Dr. Tom Whiting did something amazing when he came up with the Whiting True Blue Chickens.

Living in Colorado and loving fly fishing, Whiting wanted to create a chicken whose feathers he could use for making flies for fishing.

He spent more than ten years mixing White Leghorn chickens with Ameraucana breeds in Delta, Colorado. Without even realizing it, Dr. Whiting made a breed that people really love, known since the 1990s mainly for its unique blue eggs!

What started as a science project turned into a whole new kind of chicken. It shows how far you can go when you’re determined!

Whiting True Blue Chickens Facts

Whiting True Blue chickens lay around 280-300 bright blue eggs each year.
They start laying eggs at about 5 months old and can lay 5-6 eggs a week for 11 months of the year.
These chickens feature some different colors, which may include lemon blue, solid blue, and black, and a few of them are proud to have fluffy cheeks.
Created by Dr. Tom Whiting in the 1990s in Colorado, these birds are known for their friendly and curious nature.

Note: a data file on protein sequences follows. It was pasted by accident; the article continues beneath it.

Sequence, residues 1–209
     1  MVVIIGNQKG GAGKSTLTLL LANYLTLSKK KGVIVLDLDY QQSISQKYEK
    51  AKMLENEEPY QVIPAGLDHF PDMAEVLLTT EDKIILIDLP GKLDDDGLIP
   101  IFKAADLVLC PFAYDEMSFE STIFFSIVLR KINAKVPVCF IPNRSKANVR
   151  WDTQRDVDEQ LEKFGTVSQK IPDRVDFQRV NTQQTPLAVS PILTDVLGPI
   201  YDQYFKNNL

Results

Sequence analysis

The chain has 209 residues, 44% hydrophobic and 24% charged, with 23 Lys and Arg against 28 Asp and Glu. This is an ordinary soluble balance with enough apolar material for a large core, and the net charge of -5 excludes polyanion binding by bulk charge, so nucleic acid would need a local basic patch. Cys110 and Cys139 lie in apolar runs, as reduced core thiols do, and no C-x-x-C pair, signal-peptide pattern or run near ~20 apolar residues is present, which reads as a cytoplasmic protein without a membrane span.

They are medium-sized birds that are hardy and can handle both cold and hot weather well.

Whiting True Blue hens lay a lot of eggs, around 280-300 eggs every year! Their eggs are big and powder blue, making your egg collection look more interesting and full.

Also, these chickens start laying eggs early and grow up by about 20 weeks. They begin with laying medium-sized eggs slowly, but after a month or so, they start laying more regularly.

The Whiting True Blue Chicken changes colors like a rainbow and has lots of different patterns, making it a special kind of chicken that even people who have had chickens for a long time really like.

Right now, the American Poultry Association (APA) hasn’t officially recognized it because it needs more development and clear standards.

The colors you see most often in these chickens are:

  • Lemon blue
  • Solid blue
  • Black
  • Blue wheaten
  • Silver Blue
  • Blue red
  • Black-breasted red

The Whiting True Blue chicken is an awesome bird to have. They’re not too big, come in many beautiful colors, and some have fluffy cheeks while many have large, full tails. They lay a lot of big powder blue eggs, even when it’s very cold or really hot, like during our summers in North Carolina.